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    I don't let clients see unedited files, I try not to let them see the out takes (non-keepers) either.

    After a shoot, I will choose which files to keep and which to edit. I usually make a couple passes though them. First time through, I will take out the ones that are obviously useless and delete them. Then I go through and choose the best one and give them a flag or rating...something to separate them from the rest. I'll often have a few shots of each pose, so there might be a lot of going back and forth, choosing the best one.

    I then edit the best shots. The number will vary depending on the type of shoot, but for a typical one hour family shoot, I like to end up with 20-30 shots.
    Lately, I've been doing less in-depth retouching than I used to. I mainly stay in Lightroom and don't go into Photoshop unless I have to. Part of this is that my lighting skills are better than they used to be and part of it is that I'm realizing that sometimes it's not worth the effort to spend hours retouching photos that might not ever get printed larger than 5x7.

    As for selling prints vs files. I've been selling files on disc and some prints but I'm moving more toward selling more prints. The key to this is raising the price for the files (or just not offering them at all, but I still do).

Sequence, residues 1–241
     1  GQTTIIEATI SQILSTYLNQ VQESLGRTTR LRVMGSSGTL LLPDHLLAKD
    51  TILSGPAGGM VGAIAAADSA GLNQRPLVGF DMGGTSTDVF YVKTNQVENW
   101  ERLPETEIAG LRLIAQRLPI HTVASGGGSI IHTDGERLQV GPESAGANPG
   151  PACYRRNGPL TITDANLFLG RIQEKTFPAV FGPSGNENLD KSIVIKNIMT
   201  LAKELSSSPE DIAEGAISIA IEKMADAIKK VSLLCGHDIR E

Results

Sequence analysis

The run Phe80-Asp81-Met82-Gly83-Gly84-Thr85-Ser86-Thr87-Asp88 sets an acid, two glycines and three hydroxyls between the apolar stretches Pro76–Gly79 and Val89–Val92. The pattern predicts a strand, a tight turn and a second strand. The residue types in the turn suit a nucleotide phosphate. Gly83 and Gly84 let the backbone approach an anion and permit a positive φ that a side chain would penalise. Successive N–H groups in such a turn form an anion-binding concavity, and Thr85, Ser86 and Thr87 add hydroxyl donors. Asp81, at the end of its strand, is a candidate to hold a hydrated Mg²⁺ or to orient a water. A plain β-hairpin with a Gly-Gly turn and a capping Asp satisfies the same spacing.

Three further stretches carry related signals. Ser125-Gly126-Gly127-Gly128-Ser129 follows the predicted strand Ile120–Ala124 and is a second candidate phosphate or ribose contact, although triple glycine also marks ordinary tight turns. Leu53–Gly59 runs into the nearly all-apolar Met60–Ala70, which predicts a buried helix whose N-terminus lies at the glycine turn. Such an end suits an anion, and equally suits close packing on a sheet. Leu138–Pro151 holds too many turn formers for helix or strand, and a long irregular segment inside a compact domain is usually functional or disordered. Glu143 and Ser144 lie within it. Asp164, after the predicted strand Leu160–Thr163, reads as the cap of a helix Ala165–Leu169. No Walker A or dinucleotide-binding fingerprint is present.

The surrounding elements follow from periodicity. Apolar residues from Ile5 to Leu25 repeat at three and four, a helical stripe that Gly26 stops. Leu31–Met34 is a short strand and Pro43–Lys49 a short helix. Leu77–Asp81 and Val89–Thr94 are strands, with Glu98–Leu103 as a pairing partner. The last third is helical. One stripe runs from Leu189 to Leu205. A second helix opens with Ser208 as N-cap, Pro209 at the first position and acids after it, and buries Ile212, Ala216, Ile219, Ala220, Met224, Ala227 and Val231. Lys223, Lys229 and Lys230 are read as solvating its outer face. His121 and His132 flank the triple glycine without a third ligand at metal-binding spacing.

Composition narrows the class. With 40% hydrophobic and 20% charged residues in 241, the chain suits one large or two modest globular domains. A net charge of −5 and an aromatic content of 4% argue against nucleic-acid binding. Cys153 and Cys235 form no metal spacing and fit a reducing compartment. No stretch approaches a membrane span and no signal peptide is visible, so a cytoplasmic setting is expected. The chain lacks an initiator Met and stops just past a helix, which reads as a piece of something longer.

When I do sell the files on disc, I'm basically selling the rights for them to make prints/copies....basically the copyright (I still retain ownership of the images). I also include a letter outlining the rights they have, which they often need to have prints made at a photo lab etc.

    Usually, once you sell the files, they will not buy prints from you. (why would they?)
    I also ofter upgraded products like Canvas prints, plaque mounting and custom albums, which they may not be able to get at their local lab.
    I have a price for the files...so if they don't want to buy prints, they have to buy the files (if they want to get anything). I usually let them know this sometime, usually the first time I talk to them...but they will be able to see it when they visit my site for proofing.
    I use Photocart for proofing/print sales etc. I create a gallery for them on Photocart, which is right on my website. From there, they can view the images and buy prints directly.